Use the Azure libraries (SDK) for Python
The open-source Azure libraries for Python simplify provisioning, managing, and using Azure resources from Python application code.
The details you really want to know
The Azure libraries are how you communicate with Azure services from Python code that you run either locally or in the cloud. (Whether you can run Python code within the scope of a particular service depends on whether that service itself currently supports Python.)
The libraries support Python 3.7 or later. For more information about supported versions of Python, see Azure SDKs Python version support policy. If you're using PyPy, make sure the version you use at least supports the Python version mentioned previously.
The Azure SDK for Python is composed solely of over 180 individual Python libraries that relate to specific Azure services. There are no other tools in the "SDK".
When you run code locally, authenticating with Azure relies on environment variables as described in How to authenticate Python apps to Azure services using the Azure SDK for Python.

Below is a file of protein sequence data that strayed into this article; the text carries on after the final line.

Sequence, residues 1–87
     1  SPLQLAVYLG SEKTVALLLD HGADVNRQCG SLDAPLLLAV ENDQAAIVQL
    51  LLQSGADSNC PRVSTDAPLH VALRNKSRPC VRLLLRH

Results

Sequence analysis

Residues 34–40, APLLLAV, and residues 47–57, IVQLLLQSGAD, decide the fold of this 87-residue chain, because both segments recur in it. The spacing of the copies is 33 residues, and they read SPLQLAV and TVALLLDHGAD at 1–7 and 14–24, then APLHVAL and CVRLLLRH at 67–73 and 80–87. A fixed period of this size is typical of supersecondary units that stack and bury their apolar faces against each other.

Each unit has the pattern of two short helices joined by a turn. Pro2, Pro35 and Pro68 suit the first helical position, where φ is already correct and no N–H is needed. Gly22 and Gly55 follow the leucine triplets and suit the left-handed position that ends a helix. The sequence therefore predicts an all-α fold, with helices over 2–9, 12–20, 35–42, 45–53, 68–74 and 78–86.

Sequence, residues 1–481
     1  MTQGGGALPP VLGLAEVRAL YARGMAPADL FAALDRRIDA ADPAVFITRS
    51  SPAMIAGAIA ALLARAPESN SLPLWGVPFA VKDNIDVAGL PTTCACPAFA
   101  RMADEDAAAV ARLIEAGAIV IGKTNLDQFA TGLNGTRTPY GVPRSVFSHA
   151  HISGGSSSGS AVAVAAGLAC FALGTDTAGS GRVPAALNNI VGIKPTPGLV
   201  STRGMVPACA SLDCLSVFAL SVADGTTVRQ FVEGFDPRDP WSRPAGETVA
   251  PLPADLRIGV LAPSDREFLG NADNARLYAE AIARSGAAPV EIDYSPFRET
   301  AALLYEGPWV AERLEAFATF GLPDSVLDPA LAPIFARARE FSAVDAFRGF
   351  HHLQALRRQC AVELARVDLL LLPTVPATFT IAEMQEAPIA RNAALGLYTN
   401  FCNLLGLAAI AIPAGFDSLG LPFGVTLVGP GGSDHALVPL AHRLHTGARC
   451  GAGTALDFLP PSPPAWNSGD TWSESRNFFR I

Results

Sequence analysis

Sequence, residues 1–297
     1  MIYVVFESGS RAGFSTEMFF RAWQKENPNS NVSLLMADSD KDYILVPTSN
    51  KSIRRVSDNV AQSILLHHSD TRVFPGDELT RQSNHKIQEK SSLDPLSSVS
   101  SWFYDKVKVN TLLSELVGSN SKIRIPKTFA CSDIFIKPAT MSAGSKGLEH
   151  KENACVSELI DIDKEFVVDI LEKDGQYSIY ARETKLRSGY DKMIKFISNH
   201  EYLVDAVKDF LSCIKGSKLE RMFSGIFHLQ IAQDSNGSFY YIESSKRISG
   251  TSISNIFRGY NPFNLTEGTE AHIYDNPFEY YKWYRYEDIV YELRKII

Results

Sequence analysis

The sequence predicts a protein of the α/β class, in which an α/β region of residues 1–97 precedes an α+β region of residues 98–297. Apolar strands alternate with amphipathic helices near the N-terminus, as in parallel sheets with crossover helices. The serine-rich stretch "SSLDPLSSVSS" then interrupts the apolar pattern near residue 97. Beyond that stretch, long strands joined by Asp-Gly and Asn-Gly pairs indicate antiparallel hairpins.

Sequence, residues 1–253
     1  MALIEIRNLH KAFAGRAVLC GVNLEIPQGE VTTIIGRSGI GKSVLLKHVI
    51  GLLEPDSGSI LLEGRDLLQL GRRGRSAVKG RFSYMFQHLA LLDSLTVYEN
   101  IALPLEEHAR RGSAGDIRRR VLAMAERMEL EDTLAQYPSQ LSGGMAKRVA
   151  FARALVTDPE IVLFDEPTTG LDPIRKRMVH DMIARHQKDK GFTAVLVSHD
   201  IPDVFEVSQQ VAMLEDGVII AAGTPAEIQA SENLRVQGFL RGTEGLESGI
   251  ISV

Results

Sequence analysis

To install library packages with pip, use
pip install <library_name>using library names from the package index. To install library packages in conda environments, use
conda install <package_name>using names from the Microsoft channel on anaconda.org. For more information, see Install Azure library packages.
There are distinct management and client libraries (sometimes referred to as "management plane" and "data plane" libraries). Each set serves different purposes and is used by different kinds of code. For more information, see the following sections later in this article:
Documentation for the libraries is found on the Azure for Python Reference, which is organized by Azure Service, or the Python API browser, which is organized by package name.
To try the libraries for yourself, we first recommend setting up your local dev environment. Then you can try any of the following standalone examples (in any order): Example: Create a resource group, Example: Create and use Azure Storage, Example: Create and deploy a web app, Example: Create and query a MySQL database, and Example: Create a virtual machine.
For demonstration videos, see Introducing the Azure SDK for Python (PyCon 2021) and Using Azure SDKs to interact with Azure resource (PyCon 2020).
Non-essential but still interesting details